The Adoption Revolution Led by Adoptees
Searching on the Internet
While birth mothers have been a strong and positive force in bringing about the changes now
happening in adoption practice, it is the adoptees who are the ones who will bring about the most
significant changes. After all, closed adoption was primarily supposed to be in their "best
When adoptees by the thousands speak up wanting access to their birth information it is no
longer possible to argue logically against allowing adoptees to see their original birth certificate
and court files.
"What do you wish your adoptive parents
had known?" is probably the most basic issue adoptees face in
their relationship with their (adoptive) parents. This question was first asked
online near the end of the 1990's on the Adoptee
Internet Mailing List pages. Hundreds of answers were received on this blog that
open to the public. This listing of responses is no longer online due to the closing of the Adoptee Internet Mailing List pages.
Since I was involved in the formulating of this question, and encouraging its
posting online to collect responses, I have
now reposted some of those responses adoptees gave to the
question, "What do you wish your adoptive parents
had known?" These are VERY powerful pages!
Every adopting parent should read them carefully and embrace what they reflect. If you
are an adoptee and would like to give your own answer to add to this list please email it to
Another document adding to the growing mountain of evidence gathered by adoptees
pleading for open records is the keynote address given by Rev. Tom Brosnan to the 1996
National Maternity and Adoption Conference for Catholic Charities USA in April 1996 in San
Antonio, Texas. It is about his experience as an adoptee. The talk received an extended ovation
and was the center of discussion at the conference. The title of the talk was
The adoption world is changing!
Online Adoptee Resources
It is now impossible to keep up with the explosion of home pages addressing the need for
adoptees to have access to their records. It is easy to get overwhelmed going from one page to
another. (These pages often list great advice and resources than can help adoption
who are searching for birth relatives.) What follows is a listing of some of the better web pages.
These web pages will change, grow, move, and new ones will continue to develop, until the legal
right to one's own birth records is established for every US citizen, including adoptees!
Here in Texas we have the Texas Coalition for Adoption Resources and Education
(TxCARE) and our web pages located at
http://www.txcare.org. If you live in Texas, or have adoption links to Texas, please
come and join us in the work to give the adoption process in Texas the dignity it deserves. Our
first goal is to give adult adoptees a legal right to have a copy of their original birth certificate.
Keep up with our progress in this area at
http://www.txcare.org. The TxCARE web pages also have the largest
free on-line adoption registry in Texas with over 28,000 registrations as of
July, 2005. There are matches more than once a week from the registry.
Your chances are about 100,000 times BETTER than a Texas Lottery drawing to make
a match within the year!!
A good web site, also with links to many other pages for search and adoption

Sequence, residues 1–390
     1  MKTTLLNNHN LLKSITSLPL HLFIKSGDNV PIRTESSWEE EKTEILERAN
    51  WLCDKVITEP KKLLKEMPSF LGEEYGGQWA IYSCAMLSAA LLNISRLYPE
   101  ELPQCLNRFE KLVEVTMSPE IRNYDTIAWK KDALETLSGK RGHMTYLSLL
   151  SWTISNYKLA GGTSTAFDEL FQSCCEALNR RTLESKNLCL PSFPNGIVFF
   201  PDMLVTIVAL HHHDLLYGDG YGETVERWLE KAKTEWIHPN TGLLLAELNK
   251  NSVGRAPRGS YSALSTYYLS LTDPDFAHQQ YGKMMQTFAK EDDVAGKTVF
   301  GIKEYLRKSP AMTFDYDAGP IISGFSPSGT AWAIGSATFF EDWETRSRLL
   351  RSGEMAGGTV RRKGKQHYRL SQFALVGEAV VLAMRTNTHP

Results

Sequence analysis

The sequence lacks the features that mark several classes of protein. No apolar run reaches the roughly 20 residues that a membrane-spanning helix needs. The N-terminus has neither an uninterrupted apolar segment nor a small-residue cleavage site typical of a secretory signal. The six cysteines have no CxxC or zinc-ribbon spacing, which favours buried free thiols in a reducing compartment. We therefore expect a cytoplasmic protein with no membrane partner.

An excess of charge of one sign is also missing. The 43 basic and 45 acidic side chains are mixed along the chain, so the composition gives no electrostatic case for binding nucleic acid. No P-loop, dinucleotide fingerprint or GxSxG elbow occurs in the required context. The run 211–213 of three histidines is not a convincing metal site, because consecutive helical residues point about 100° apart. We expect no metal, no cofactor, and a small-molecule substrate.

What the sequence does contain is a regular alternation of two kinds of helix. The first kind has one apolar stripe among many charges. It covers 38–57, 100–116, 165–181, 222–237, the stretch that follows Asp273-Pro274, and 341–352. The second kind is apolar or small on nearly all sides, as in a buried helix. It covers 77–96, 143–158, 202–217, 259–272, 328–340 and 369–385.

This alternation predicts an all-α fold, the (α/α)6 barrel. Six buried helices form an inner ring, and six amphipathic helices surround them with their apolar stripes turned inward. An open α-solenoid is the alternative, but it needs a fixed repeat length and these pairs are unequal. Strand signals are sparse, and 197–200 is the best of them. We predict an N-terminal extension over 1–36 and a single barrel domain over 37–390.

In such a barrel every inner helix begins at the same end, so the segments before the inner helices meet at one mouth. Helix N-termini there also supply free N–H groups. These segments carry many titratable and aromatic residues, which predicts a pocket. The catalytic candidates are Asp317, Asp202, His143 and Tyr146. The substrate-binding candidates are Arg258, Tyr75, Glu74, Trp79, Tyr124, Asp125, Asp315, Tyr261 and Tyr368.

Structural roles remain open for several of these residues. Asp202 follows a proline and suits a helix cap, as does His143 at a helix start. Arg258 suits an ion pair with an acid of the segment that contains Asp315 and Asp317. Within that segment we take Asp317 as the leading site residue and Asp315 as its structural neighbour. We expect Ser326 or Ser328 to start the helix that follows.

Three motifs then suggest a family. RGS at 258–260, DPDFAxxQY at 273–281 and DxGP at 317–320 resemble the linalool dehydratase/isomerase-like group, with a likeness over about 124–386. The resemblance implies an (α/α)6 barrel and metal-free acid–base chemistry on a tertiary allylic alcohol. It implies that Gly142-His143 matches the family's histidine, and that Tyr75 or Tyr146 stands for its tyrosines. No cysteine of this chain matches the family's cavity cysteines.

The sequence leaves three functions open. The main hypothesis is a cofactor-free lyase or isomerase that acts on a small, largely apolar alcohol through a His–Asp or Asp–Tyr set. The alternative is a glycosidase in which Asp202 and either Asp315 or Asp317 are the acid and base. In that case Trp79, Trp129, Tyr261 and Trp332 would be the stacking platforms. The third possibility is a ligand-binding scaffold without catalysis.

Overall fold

issues, is An Adoptee's Right to Know which is part of the pages maintained by Shea
Grimm at http://www.plumsite.com/shea.
Bastard Nation is a very powerful and blunt addition to the Internet. It has grown
very fast and is now forming a rapidly growing national membership. It has a very simple
common goal of open records for all adult adoptees. I strongly recommend visiting those pages.
They are well done with many good resource links. They had their first national
convention back in the summer of 1997, and I am certain it is the first of many. You can find
them at http://www.bastards.org/. At the rate they are
growing they may become one of the largest national forces in the adoption reform movement.
The American Adoption Congress pages are growing well and include details about the
annual national convention every year somewhere in the US. These are, as always, very valuable
gatherings. The AAC pages are located at http://www.americanadoptioncongress.org
Web pages by triad members, birth mothers and adoptees, dedicated to the opening of
adoption records are now all over the Internet. Over the past 12 years the number of such pages
has increased tremendously and there is no way to keep up with the number of pages expressing
the pain associated with the closed adoption record system. Just place the words "adoption,
search, adoptee, reunion, adoption, and/or reform" into any search engine and you will find many
I am aware of no personal web pages dedicated to keeping adoption records sealed. While I
presume they do exist due to the nature of the Internet, they are very, very rare.
If you are an adoptive parent, and hesitant about an open adoption, please listen carefully to
adoptees. You do not want your child(ren) to have to go through the agony of search if at all
possible. Please do everything you can so that your child has an open adoption. If your
children are in closed adoptions already, please prepare to help them search. It may be the time
you and your child become closer than at any time in your lives. When you help and support your
child in their search they will know your love is solid and your interest in their welfare complete
and unconditional. All children need to know that from their parents.
(Written in 1996 and revised 08/03/05)
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